restricted access 11, Performing Race in Ernst Krenek's Jonny spielt auf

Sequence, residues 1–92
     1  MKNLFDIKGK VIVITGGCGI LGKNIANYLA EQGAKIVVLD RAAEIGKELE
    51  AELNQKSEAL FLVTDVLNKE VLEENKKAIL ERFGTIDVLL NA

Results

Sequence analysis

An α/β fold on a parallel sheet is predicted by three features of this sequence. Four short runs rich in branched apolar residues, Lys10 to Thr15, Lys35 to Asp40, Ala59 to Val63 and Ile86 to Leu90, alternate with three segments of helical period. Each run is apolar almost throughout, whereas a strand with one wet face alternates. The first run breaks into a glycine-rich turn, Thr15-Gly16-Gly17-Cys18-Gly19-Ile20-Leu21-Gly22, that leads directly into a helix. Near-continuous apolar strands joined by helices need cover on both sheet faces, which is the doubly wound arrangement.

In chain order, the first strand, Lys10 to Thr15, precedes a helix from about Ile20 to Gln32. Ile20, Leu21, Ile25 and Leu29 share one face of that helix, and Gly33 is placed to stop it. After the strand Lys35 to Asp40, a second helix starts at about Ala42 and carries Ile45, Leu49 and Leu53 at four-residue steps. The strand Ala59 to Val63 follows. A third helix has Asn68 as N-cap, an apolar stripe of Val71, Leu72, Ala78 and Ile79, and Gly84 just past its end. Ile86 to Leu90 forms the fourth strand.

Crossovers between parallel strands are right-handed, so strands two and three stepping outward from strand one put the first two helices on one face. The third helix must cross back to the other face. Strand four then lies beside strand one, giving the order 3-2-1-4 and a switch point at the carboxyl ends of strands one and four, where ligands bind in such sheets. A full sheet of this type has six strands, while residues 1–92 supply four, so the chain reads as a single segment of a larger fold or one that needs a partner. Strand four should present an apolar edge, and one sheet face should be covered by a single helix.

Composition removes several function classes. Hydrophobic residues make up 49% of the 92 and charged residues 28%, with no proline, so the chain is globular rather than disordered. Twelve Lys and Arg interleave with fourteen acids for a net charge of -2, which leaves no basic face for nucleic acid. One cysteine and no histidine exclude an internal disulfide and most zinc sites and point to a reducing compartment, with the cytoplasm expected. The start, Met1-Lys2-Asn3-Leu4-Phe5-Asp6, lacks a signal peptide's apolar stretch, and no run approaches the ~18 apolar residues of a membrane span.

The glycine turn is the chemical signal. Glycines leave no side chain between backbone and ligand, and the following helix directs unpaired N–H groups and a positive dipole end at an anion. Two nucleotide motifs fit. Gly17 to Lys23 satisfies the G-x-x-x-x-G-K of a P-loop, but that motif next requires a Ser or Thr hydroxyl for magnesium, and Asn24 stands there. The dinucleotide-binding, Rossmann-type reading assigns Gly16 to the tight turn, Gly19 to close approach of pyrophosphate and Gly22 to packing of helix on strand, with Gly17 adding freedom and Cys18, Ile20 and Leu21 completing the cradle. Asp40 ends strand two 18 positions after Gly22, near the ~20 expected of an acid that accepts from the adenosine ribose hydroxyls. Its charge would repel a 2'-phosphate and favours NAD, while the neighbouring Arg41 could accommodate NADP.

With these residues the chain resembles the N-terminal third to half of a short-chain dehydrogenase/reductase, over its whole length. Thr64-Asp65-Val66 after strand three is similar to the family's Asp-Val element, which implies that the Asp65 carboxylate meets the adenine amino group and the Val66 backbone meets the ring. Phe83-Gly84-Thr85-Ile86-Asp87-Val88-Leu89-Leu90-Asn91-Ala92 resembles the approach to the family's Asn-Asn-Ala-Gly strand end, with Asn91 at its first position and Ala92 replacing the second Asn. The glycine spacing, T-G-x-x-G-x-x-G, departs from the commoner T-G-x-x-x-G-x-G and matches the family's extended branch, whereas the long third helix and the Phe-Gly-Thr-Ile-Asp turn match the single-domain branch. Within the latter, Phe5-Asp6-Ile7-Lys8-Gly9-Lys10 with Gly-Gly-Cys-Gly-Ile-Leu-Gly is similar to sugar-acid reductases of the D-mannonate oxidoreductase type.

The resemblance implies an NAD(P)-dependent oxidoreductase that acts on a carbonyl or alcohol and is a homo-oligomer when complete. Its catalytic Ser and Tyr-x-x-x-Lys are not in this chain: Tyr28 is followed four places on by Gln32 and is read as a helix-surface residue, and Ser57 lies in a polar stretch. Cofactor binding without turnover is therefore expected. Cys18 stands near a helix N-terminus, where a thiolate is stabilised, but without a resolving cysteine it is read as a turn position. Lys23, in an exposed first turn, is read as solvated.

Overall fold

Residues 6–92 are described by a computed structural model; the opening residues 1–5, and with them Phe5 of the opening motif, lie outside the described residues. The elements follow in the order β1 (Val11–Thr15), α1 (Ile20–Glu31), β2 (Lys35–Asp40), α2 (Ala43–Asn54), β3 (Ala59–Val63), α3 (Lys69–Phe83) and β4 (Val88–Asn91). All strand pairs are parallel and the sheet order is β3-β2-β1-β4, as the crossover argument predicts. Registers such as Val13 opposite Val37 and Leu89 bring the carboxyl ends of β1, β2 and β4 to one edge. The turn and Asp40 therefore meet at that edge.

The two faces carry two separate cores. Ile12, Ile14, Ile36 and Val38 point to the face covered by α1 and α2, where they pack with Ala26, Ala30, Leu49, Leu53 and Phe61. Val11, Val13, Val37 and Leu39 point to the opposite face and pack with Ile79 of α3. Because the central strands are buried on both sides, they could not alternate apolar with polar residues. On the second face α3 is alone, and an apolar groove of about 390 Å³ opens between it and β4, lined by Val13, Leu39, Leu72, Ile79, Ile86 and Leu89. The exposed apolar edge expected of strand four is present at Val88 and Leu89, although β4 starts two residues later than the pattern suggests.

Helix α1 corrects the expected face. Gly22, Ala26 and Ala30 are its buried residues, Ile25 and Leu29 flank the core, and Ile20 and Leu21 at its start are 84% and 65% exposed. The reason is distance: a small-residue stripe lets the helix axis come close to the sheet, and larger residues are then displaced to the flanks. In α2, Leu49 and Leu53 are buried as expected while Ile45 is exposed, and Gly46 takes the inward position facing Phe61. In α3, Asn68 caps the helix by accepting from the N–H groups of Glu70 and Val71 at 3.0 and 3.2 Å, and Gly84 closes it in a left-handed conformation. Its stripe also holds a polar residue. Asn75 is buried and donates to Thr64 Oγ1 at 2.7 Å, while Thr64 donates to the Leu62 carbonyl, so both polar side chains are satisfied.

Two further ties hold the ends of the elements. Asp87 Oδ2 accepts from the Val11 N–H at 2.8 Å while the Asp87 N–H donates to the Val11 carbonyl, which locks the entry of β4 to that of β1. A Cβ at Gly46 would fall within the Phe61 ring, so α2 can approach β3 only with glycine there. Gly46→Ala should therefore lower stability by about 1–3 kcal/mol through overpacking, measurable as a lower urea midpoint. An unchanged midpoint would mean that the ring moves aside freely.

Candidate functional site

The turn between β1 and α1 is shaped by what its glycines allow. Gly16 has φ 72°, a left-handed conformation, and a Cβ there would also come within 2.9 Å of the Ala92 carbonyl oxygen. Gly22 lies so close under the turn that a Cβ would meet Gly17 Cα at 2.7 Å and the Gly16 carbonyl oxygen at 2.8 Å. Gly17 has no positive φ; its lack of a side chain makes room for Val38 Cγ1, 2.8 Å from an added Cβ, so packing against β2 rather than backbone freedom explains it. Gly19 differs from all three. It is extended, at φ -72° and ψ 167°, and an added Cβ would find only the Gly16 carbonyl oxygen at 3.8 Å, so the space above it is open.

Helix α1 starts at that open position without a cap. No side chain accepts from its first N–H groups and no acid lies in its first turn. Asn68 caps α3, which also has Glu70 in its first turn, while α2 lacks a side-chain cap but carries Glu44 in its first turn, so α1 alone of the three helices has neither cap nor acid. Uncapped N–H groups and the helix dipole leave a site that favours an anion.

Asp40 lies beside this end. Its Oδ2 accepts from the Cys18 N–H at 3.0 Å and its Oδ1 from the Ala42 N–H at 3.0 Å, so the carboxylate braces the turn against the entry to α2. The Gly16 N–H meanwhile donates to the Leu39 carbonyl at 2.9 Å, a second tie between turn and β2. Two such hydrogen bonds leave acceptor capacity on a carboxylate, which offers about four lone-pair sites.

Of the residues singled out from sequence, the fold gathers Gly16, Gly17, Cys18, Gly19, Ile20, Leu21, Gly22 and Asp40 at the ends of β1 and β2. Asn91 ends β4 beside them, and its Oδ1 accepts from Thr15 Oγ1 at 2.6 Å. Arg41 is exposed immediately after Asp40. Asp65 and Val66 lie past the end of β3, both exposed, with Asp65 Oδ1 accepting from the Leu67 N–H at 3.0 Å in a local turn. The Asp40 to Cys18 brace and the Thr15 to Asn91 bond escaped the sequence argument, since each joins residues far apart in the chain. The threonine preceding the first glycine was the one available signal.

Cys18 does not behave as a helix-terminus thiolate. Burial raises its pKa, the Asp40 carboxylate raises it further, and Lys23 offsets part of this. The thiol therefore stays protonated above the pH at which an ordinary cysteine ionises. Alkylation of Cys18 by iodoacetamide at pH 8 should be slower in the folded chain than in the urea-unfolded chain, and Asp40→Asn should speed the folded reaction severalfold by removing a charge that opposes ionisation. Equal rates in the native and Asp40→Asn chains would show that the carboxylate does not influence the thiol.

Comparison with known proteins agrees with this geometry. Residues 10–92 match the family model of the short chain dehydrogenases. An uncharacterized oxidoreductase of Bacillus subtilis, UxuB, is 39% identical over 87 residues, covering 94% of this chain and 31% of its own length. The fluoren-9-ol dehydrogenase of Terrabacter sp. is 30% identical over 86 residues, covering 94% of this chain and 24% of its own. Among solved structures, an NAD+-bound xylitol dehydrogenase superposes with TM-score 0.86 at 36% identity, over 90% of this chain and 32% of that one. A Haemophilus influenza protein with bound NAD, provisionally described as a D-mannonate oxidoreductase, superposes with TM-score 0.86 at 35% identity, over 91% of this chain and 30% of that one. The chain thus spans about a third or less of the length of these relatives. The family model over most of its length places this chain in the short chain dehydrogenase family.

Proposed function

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11 Performing Race in Ernst Krenek’s Jonny spielt auf jonathan o. wipplinger Though by far his most well-known work, Ernst Krenek had an ambiguous relationship toward his fourth opera, Jonny spielt auf, or “Jonny Strikes Up” (1927). This work is an ambitious combination of European modernism, American popular music, and what Krenek took to be jazz. Its plot pits a central European composer, Max, against an African American jazz musician, Jonny, popular and vital “jazz” against an icy and intellectual modernism. In the end, Jonny wins out over his European counterpart, and the opera concludes with a panegyric to Jonny, jazz, and America.1 Despite the daring of the experiment, audiences generally responded enthusiastically. First in Germany and then from Paris to Moscow, Belgrade to Antwerp and beyond,2 audiences swarmed to the opera’s more than four hundred performances in the late 1920s.3 Indeed, its fame was such that it was possible for a brand of Jonny cigarettes to be marketed in Austria.4 Such unparalleled success brought the twenty-seven-year-old Krenek financial security and international recognition, but the opera’s inclusion of jazz, modern technology, and interracial relations brought him controversy as well. Conservatives lambasted the work as a travesty of the Western tradition, while some quarters of the avant-garde, the Schoenberg circle in particular, criticized Krenek for forsaking their revolution in music for mere monetary gain.5 All this, the success and the critique, came as a shock to the young Krenek, who would insist in later writings that his intentions behind Jonny spielt auf had been misunderstood, both by its admirers and by its critics. Above all else, Krenek resisted the notion that Jonny spielt auf was a “jazz opera,” a term often applied to the opera during the Weimar Republic.6 Krenek was by no means unaware of the friction between the nomenclature of the “jazz opera” and his actual sparing use of jazz music in the opera; indeed, as many contemporary critics have pointed out, there is very little resembling authentic jazz in the opera, even as it was practiced in the 1920s.7 As early as 1928and as late as 1980, Krenek made clear that jazz did not constitute the musical foundation of this work. By the same token, however, jazz and African American culture are important points of reference for the opera: Jonny is the black band leader of the jazz band heard throughout the opera, and it is his music, rhythmic, tonal, and melodious, that contrasts most sharply to that of the other characters. So although Jonny spielt auf cannot be said to be a “jazz opera”—its “jazz” remains all too European and serves more as a point of contrast than as a foundational principle—it is a work deeply concerned with jazz, African Americans, and their image within European culture. I will explore this idea through an analysis of the role of race and racial representation within Krenek’s work. This will mean paying particular attention to how Jonny’s musical, cultural, and racial identities are constructed in the opera. Beginning with a discussion of race and racial stereotypes within the score and libretto, also authored by Krenek, I suggest that Jonny is an amalgam of contradictory and competing ideas about African Americans and their music, drawing equally from the world of blackface minstrelsy, “jazz age” images of African Americans, and European ideas about African American spirituals and folk music. These multiple strands of Jonny’s identity, between blackface and blackness, are never entirely reconciled in the opera. As a result, Jonny’s true origin, the home to which he sings of returning toward the end of the opera, remains undefined. Unsurprisingly, the complexity of Jonny’s character has had important consequences for the performance history of the opera. As I show in the second half, productions of the opera from the 1920s to the present have more often than not eschewed the ambiguity of the figure in favor of one element over another. From the Nazi appropriation of the image of Jonny as an essentialized black musician to the New York Metropolitan Opera’s staging of Jonny as a white blackface minstrel, Jonny’s identity has been the most consistently inconsistent aspect of the opera’s production history. Yet these inconsistencies have not been forced on Krenek’s work from the outside; rather, they form the core of the opera itself. So before looking to how others interpreted Jonny, we must first...


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